"If there's a book you really want to read, but it hasn't been written yet, then you must write it." ~Toni Morrison

Monday, October 26, 2015

Full Dark House by Christopher Fowler

What it's about:
"A bomb rips through present-day London, tragically ending the crime-fighting partnership of Arthur Bryant and John May begun more than a half-century ago during another infamous bombing: the Blitz of World War II. Desperately searching for clues to the saboteur’s identity, May finds the notes his old friend kept of their very first case and a past that may have returned…with murderous vengeance. It was an investigation that began with the grisly murder of a pretty young dancer. In a city shaken by war, a faceless killer stalked London’s theater row, creating his own sinister drama. And it would take Bryant’s unorthodox techniques and May’s dogged police work to catch a fiend whose ability to escape detection seemed almost supernatural—a murderer who decades later may have returned to kill one of them…and won’t stop until he kills the other." - Amazon.com

What I thought:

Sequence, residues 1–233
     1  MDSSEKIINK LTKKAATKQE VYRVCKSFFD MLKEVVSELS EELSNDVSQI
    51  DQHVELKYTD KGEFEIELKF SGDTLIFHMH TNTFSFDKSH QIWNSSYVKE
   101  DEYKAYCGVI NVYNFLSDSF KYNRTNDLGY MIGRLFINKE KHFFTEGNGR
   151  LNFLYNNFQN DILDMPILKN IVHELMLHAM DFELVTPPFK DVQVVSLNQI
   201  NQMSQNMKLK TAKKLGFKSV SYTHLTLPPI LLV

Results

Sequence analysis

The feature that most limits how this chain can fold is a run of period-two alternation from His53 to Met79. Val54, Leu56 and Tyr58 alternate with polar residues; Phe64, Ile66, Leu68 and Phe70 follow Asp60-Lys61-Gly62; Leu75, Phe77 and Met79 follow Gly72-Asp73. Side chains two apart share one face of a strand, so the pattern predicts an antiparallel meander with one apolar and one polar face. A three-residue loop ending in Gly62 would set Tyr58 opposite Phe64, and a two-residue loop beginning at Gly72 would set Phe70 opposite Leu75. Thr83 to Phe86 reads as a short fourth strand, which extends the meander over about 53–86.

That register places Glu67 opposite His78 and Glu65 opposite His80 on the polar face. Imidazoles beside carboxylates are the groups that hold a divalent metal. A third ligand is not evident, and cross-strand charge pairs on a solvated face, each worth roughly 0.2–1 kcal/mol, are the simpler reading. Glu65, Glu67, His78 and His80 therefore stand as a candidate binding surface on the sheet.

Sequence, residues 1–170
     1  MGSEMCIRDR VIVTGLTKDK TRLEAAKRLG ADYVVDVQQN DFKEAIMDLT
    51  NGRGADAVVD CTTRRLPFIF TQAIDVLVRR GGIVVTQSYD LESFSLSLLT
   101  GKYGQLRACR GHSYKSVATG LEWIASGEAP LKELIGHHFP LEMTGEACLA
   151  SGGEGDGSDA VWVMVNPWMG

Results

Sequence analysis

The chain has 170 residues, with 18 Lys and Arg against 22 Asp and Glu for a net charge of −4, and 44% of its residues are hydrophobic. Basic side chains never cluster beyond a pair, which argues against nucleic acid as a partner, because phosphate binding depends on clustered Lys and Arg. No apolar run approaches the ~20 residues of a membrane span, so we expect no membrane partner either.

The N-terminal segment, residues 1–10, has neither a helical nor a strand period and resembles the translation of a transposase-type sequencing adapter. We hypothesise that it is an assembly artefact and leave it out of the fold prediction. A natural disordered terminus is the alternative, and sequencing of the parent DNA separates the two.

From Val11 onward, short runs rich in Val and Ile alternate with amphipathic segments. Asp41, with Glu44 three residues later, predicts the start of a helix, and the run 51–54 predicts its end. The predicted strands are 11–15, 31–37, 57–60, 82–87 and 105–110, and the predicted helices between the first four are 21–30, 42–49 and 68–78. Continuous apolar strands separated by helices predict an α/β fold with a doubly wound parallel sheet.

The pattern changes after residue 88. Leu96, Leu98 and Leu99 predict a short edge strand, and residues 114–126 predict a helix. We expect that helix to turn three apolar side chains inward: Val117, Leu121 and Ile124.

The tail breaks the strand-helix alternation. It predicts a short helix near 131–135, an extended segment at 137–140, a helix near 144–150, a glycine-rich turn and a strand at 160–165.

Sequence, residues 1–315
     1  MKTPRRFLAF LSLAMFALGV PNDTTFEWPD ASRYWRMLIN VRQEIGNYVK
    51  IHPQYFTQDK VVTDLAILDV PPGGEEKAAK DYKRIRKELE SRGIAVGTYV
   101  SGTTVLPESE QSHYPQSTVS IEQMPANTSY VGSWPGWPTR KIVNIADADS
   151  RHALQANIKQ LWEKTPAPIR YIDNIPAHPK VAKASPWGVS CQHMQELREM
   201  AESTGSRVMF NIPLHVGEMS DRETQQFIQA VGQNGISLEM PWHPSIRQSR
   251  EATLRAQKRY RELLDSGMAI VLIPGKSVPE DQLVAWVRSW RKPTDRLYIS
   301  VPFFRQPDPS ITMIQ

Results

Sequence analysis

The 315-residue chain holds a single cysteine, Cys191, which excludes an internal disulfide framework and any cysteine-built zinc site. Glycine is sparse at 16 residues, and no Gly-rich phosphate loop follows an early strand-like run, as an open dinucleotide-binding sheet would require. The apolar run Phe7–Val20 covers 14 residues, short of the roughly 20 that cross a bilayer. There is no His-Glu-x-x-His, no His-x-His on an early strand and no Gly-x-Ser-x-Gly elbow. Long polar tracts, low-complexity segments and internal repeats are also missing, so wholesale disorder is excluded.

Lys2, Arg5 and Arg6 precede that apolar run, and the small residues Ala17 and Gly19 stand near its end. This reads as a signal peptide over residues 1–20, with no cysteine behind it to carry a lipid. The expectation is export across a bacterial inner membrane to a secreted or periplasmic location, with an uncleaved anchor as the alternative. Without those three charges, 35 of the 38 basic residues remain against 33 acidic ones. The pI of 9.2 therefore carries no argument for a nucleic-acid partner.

At first, I had a difficult time getting into this book.  The language is really dense and it was slow-going, but once I found the rhythm I loved the writing and didn't want to stop reading.  

I especially enjoyed the character of Arthur Bryant.  The crazy long scarves of strange colors, the marijuana plant growing in his office, pranking friends with poisonous plants, consulting with covens and spiritualists, and his far-fetched theories made his character a joy. I'd love to meet him in real life.  I think we would probably get along :) and he has definitely made me want to read more of the Peculiar Crimes Unit Series.

Before reading this book, I had not realized how awful the London Blitz actually was.  I mean bombing is always awful, but the fear that Londoners must have been living with is incredible.  Reading the descriptions of life during the blackouts, the aerial raids and the destruction that the continuous bombings caused was an eye-opener.  I know that this book is fiction, but I believe that fiction can often give us a good glimpse into another time or way of living.  I cannot believe what people lived through at that time.

Some quotes I enjoyed:
"'She was a woman forced to survive in a world of harmful magic.'
'That's what witches are.  Do you think she was a witch?'
'Well, someone dropped a house on her,' said Bryant, 'so she might have been.'"

From the hilarious Appendix:
"Incendiary devices, inadvisability of using as paperweights
      Mistaken for thermos flasks
Jack the Ripper, ability to melt pavements
Landladies, unlikely swordsmanship abilities of
Lift, as device for removing feet
Lithuanian botanists, incidence of vampirism amongst "

Have you ever read this book or another from the Peculiar Crimes Unit Series?  What did you think?  I will definitely be looking for more.

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